That's a tough draw.
It might appear to be safe to assume that Tomas Kopecky will center the top unit, but there are a few other young kids breathing down his neck. While Kopecky is a respectable NHL talent, could a strong start from Tomas Tatar put him in the driver's seat to be Slovakia's top center in Sochi?
The answer to that question could ultimately determine Slovakia's chances of earning a medal.
While Canada's goalies battle it out to prove that they are mentally tough enough to head to Russia and defend a gold medal, Finland has the exact opposite problem: The Fins have a plethora of strong, proven goalies but not enough roster spots for them all.
The front-runner for the job at this point has to be Tuukka Rask, who was among the best goaltenders in the NHL in 2013. Nipping at his blades, though, are Antti Niemi, Pekka Rinne, Niklas Backstrom and Kari Lehtonen.
Backstrom and Lehtonen both have an injury history, but the Fins aren't looking to build a team for the long haul. They need a lights-out goalie for two weeks. Every one of these guys has shown the ability to go on that sort of hot streak.
So what happens if Rask comes out of the gate cold while trying to figure out how to deal with the pressure that comes with a massive contract? Or if Rinne struggles while the Nashville Predators figure out how to score goals?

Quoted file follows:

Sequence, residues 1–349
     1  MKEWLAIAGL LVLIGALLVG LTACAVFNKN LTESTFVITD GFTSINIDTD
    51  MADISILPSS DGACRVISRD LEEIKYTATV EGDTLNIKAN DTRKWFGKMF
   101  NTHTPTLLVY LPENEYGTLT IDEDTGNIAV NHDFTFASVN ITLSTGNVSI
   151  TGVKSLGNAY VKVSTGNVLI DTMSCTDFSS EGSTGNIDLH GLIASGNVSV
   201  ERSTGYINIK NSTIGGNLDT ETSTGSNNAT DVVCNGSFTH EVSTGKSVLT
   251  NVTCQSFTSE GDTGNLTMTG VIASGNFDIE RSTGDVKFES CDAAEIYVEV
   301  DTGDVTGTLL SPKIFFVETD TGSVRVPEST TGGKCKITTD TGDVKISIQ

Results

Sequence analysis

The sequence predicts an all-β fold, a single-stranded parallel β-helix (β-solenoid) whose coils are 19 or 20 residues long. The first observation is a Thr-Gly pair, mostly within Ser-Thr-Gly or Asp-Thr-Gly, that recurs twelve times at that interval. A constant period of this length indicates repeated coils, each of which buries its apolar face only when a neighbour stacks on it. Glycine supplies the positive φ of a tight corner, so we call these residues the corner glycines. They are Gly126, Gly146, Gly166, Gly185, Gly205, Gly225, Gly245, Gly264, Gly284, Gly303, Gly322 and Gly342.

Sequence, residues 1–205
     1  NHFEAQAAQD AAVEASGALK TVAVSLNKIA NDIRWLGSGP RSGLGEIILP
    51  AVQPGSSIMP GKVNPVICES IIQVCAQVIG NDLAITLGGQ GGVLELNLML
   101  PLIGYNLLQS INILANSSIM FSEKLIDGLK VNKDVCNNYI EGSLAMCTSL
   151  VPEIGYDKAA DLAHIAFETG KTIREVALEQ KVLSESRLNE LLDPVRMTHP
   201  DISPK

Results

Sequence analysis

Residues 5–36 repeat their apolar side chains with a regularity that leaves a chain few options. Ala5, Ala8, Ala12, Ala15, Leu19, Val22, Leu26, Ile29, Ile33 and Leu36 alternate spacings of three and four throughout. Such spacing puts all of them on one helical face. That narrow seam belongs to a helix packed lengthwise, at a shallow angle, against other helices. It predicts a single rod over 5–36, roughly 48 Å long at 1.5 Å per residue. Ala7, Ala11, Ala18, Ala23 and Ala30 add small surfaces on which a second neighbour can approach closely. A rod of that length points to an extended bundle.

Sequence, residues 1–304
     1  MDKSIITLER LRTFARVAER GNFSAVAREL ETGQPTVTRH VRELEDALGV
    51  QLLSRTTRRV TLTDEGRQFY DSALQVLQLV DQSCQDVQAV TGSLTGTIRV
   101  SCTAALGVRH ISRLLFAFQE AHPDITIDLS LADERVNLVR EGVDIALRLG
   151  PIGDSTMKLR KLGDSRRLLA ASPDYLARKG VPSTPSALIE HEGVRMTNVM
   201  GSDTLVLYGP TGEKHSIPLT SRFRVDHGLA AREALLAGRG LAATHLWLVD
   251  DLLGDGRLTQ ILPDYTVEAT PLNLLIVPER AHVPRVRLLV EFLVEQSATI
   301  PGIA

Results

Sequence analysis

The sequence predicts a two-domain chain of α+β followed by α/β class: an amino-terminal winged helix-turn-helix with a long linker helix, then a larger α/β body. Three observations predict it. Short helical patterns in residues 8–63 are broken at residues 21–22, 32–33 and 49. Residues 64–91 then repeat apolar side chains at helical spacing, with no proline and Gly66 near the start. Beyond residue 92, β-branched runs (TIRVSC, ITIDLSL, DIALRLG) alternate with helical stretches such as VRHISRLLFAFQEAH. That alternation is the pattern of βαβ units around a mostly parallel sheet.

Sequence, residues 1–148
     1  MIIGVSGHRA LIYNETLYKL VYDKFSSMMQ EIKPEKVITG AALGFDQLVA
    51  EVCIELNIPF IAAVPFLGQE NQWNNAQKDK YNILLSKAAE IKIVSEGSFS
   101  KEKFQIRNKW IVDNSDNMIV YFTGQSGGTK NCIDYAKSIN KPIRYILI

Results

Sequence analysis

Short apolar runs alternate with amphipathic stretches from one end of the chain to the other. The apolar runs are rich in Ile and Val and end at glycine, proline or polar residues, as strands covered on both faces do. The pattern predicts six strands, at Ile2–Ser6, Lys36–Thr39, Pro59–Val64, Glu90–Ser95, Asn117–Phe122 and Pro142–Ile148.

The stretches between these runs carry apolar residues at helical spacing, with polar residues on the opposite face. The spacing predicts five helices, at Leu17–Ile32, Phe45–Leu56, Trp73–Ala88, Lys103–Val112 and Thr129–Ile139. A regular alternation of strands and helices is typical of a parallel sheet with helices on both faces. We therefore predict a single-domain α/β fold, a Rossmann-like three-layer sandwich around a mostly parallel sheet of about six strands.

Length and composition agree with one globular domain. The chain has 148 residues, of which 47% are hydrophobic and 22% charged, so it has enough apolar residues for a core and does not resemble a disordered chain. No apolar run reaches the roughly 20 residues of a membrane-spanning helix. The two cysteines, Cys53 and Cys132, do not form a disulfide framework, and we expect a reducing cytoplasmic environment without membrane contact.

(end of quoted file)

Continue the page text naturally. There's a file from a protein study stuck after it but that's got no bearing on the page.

If Backstrom or Lehtonen goes on a 10-game tear in December, it'll put the decision-makers for Finland in quite a tough spot.
A quick search of NHL.com's player database turns up some unpleasant news for Russia. While the squad is absolutely loaded at forward, the entire nation only had nine defensemen playing in the NHL last season.
While that would be alright if the names on the were legitimate All-World players, that just isn't the case. So can this team score enough goals while Evgeni Nabokov or Sergei Bobrovsky gets peppered with shots from all over the ice?
Of the nine players listed, only Sergei Gonchar and Andrei Markov have Olympic experience. Slava Voynov will likely get his first taste of the Winter Games this year, which leaves some very unattractive options for the rest of the group.
Imagine Sidney Crosby, Steven Stamkos and Corey Perry bearing down on Fedor Tyutin and Dmitry Orlov on a three-on-two.
Good luck with all that, boys.
It's not going to be Mark Streit, that's for sure.
While he's very capable in the offensive zone, no one has ever confused the man for Chris Pronger. Instead, the defensive end of things will likely fall to one of the youngsters that will surely make the roster.